Immunotherapy

When it’s either Fluffy the cat or other allergies, consider immunotherapy

Bee stings—we’d like to avoid them but we get stung anyway from time to time. And, in the case of Fluffy the cat—breaking up with a member of the family may be unfathomable.

The most basic treatment for allergies is to remove the allergen from your environment. But that’s not often possible. Allergens such as pollen, mold, and dust mites are microscopic and not completely avoidable.

Immunotherapy refers to a process of desensitization to allergens such as bee stings, pollen, pet dander, dust mites, and mold. The traditional delivery system for this desensitization process is through allergy shots. (Allergy shots are not recommended in the treatment of food, drug, and latex allergies.)

You might consider immunotherapy if allergy medicines don’t work well for you, and / or if you want to decrease long term allergy medication use.

Immunotherapy helps your body get used to what it is allergic to in order to minimize your symptoms and the frequency and magnitude of your allergic reactions.

At the beginning of the process, you will get injections more regularly—perhaps once or twice a week for several months.Your doctor will administer a tiny amount of the substance you are allergic to, via a shot in the arm.

Over time, your doctor will gradually increase the amount of the allergen you receive. Eventually, you will reach the point where you receive maintenance doses.  After that, you receive periodic shots with longer intervals between shots for a set period of time.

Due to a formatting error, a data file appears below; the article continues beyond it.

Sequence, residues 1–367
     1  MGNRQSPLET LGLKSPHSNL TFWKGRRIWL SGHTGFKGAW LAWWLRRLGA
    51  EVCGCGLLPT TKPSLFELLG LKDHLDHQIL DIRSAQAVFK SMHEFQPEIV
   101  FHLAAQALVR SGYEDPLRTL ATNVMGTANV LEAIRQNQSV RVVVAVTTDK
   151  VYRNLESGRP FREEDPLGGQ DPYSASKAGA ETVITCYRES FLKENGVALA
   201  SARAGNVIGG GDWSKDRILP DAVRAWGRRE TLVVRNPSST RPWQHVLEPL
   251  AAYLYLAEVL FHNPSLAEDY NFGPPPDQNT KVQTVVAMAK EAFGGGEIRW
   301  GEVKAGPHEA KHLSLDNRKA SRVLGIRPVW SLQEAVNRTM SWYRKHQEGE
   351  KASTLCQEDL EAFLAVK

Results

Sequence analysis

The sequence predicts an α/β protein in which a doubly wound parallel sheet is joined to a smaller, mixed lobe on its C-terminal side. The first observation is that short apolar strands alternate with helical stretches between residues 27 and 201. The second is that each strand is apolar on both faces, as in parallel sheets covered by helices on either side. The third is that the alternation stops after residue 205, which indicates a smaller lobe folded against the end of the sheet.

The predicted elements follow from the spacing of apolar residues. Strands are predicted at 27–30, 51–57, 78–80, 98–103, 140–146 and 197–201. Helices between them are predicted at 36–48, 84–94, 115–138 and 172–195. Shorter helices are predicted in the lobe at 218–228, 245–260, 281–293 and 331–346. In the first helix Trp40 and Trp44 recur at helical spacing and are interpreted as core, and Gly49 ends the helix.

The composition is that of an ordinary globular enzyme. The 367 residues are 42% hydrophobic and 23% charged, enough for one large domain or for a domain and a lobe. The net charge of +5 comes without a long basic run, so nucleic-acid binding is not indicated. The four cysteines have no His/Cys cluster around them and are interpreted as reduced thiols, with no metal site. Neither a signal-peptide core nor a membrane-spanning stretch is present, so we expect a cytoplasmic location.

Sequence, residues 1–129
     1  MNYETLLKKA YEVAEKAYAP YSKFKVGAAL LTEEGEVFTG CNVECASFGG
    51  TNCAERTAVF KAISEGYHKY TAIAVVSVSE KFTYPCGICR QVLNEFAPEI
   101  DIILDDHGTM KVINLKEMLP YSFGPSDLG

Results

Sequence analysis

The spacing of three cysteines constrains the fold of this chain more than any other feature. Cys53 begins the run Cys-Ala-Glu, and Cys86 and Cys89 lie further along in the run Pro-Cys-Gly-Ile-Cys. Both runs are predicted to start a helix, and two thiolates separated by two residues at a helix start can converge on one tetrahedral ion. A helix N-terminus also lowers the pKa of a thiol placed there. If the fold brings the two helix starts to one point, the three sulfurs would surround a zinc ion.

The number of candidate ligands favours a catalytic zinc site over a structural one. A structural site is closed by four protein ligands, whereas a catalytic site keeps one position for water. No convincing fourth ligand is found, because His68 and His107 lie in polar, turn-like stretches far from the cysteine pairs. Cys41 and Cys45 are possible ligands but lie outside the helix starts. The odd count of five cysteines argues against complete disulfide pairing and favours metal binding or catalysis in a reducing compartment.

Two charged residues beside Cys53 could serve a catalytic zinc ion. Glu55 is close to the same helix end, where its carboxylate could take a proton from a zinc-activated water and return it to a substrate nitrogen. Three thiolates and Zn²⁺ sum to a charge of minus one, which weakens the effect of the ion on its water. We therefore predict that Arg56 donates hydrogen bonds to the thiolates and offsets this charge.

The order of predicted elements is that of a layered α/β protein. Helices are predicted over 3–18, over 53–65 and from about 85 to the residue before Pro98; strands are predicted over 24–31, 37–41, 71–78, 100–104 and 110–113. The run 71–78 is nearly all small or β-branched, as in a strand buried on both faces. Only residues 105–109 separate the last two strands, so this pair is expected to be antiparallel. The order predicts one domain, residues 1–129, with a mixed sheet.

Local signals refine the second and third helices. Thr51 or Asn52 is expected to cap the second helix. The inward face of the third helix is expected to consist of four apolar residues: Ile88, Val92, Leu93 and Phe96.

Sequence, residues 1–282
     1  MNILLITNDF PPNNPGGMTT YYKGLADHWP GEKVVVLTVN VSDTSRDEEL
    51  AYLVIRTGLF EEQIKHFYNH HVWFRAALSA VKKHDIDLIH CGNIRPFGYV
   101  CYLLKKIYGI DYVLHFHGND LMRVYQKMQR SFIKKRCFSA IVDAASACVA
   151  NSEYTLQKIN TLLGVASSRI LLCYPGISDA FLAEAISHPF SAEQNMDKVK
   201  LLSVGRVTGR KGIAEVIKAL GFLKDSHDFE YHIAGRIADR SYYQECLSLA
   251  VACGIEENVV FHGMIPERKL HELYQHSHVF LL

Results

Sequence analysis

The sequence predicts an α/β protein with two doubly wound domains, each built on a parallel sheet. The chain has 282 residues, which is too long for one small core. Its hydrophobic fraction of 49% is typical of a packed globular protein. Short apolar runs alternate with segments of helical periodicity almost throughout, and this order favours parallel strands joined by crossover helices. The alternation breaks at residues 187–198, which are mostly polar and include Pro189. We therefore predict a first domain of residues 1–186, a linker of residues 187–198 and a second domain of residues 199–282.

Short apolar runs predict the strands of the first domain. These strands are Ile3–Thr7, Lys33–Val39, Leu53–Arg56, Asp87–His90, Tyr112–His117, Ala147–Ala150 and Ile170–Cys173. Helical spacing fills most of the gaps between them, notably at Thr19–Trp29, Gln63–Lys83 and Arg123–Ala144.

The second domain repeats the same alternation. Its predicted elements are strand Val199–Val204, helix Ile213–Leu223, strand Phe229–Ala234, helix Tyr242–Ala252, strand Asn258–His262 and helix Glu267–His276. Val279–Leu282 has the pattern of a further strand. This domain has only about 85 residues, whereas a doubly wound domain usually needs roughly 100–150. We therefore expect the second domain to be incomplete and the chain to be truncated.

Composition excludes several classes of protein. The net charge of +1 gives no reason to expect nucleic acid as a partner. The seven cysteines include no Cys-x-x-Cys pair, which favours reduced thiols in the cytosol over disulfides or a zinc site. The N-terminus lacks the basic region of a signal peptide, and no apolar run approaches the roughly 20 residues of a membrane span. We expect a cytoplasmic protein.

Depending on the nature of your allergy and the severity of your symptoms, you can ultimately expect to receive a shot per month over the course of several years.

Your allergy symptoms will get better and may even go away. If your symptoms don’t improve over a year of treatment, your doctor will work with you to consider other options.

After Immunotherapy Treatment

After you receive your allergy shot, you will be asked to wait at your doctor’s office for 30 minutes. This is to monitor for signs of allergic reactions. If you develop these symptoms you should return to your doctor’s office or go to the nearest emergency room.

Working With Your Doctor 

When working with your doctor to create a treatment plan, it is always important to share complete information with your doctor.

Your doctor will want to know the following:

  • Any medications or herbal supplements you are taking
  • Whether you are pregnant, or plan to get pregnant
  • Whether you are dealing with heart or lung disorders
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